Every year, the federal government spends roughly $400 to $500 billion on large and small contracts for goods and services, with a goal of allocating 23 percent of these contracts to small businesses. Even if your business isn’t in an industry that screams “government necessity,” you’d be surprised by who can qualify—there’s a contracting need for just about everything.
Then, there’s the Women-Owned Small Business (WOSB) Federal Contract Program that was implemented in 2011 with the goal of expanding the number of industries where WOSB were able to compete for the federal government’s business. This program enables Economically Disadvantaged WOSBs (EDWOSBs) to compete for contracts that are set-aside for EDWOSBs in industries where women-owned small businesses are underrepresented. It also allows set-asides for WOSBs in industries where women-owned small businesses are substantially underrepresented.
There’s no denying that “playing” in this business arena can be tricky. I hear it all the time from our NAWBO members who are either just beginning to dabble in it or who have been going after these often-lucrative contracts for years. In fact, one of our members launched her business with a partner she had worked with in a consulting firm’s government division. The pair saw a need for a consulting firm that exclusively focused on helping small businesses compete for government contracts. Some years later, the partners decided to go to work for the government themselves, helping to manage government acquisitions, contracts and projects. The move proved positive and helped the company to grow tremendously in both size and reach.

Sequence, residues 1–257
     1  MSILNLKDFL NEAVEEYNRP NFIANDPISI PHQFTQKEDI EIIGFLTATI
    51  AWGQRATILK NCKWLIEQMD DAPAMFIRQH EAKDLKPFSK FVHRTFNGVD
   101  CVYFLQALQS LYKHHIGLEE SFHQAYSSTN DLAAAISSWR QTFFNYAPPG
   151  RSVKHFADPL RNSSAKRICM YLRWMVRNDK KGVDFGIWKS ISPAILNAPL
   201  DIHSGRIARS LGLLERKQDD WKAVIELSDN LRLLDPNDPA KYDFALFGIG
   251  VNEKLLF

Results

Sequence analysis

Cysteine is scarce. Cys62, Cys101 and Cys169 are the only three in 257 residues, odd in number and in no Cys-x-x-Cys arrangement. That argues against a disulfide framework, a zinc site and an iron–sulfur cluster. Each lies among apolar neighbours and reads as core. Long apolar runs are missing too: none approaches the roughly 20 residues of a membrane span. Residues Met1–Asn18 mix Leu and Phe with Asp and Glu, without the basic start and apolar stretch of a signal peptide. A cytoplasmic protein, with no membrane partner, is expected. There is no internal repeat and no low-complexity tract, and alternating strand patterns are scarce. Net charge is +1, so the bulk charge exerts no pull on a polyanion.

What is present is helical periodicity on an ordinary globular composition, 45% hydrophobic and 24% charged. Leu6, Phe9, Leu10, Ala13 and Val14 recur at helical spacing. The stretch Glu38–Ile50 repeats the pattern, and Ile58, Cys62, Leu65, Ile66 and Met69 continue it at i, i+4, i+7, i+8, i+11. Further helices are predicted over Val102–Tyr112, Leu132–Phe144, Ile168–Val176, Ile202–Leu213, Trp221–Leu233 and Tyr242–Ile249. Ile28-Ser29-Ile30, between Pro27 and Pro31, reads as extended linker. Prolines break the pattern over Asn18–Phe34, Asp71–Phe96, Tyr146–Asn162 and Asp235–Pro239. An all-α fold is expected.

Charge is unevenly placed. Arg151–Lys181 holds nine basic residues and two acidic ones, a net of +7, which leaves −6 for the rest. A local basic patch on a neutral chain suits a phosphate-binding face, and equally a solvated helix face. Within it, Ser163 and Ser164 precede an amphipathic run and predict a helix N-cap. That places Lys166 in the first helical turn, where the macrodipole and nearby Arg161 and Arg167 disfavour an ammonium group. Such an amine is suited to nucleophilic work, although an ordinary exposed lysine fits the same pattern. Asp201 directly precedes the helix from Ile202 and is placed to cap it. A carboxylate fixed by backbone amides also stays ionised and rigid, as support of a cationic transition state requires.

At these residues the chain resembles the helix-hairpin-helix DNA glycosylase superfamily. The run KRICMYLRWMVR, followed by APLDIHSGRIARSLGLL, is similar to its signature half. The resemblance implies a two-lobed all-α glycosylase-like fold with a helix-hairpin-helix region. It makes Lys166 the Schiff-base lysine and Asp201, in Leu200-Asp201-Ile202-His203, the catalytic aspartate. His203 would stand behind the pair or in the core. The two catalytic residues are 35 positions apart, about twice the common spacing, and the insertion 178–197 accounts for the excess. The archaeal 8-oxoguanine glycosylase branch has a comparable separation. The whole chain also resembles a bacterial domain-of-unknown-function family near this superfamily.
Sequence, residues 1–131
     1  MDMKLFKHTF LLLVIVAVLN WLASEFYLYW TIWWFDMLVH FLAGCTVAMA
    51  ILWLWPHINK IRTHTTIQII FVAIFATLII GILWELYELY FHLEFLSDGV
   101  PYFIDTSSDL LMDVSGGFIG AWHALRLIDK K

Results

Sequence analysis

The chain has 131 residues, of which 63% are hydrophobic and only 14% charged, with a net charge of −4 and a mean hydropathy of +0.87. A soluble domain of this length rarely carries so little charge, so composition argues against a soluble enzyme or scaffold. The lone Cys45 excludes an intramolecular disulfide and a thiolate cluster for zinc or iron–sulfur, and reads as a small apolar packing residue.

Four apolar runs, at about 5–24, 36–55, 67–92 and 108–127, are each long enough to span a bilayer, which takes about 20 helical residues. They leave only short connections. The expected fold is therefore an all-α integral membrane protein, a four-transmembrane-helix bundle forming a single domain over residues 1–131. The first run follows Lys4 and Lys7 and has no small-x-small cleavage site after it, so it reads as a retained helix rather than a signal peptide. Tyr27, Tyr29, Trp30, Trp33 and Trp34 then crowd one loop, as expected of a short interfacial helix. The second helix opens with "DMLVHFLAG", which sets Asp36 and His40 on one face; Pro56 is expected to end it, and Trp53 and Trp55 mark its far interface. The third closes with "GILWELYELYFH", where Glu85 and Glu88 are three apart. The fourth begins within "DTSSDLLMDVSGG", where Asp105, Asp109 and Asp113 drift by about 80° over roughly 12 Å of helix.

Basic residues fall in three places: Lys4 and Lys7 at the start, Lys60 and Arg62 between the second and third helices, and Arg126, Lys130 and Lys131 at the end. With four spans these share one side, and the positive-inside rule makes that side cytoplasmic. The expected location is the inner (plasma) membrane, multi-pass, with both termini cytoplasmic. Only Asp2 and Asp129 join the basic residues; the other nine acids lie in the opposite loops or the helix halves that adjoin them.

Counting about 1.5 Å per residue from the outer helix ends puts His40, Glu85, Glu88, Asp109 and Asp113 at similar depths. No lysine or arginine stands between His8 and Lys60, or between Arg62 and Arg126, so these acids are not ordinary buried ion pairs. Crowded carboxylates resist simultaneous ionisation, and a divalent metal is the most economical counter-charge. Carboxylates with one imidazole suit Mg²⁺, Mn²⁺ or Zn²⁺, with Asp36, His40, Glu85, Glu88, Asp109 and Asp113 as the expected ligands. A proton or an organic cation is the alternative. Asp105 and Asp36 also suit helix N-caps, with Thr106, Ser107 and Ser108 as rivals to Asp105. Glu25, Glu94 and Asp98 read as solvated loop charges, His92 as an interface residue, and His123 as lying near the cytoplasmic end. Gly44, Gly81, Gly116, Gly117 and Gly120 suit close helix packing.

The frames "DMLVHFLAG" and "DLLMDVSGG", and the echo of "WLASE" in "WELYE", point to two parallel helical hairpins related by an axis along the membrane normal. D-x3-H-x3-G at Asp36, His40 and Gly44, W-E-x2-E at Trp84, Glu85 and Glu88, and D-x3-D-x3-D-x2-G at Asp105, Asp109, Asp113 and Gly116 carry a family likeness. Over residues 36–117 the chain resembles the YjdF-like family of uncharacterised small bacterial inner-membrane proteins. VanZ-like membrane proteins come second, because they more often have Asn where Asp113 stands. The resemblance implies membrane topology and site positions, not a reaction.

There are so many NAWBO member success stories out there, as there are resources to help all our members who are interested in government contracting. If you joined me at the National Women’s Business Conference hosted by NAWBO in Minneapolis, you heard Linda McMahon, Administrator of the U.S. Small Business Administration, speak about all that her organization has to offer women and small business owners. Help in securing government contracts is among these resources. In fact, the SBA’s Office of Government Contracting works to create an environment for maximum participation by small, disadvantaged and woman-owned businesses in federal government contract awards and large prime subcontract awards. It also advocates on behalf of small business in the federal procurement world. In this issue of NAWBO ONE, you can read about Linda and the value the SBA brings. Also, in this issue, we offer how-to tips for competing for government contracts.
The U.S. government is the world’s largest customer, representing a tremendous sales and revenue opportunity for NAWBO members and all women and small business owners. Here’s to you getting your share!
—Kathy Warnick, 2017-2018 NAWBO National Board Chair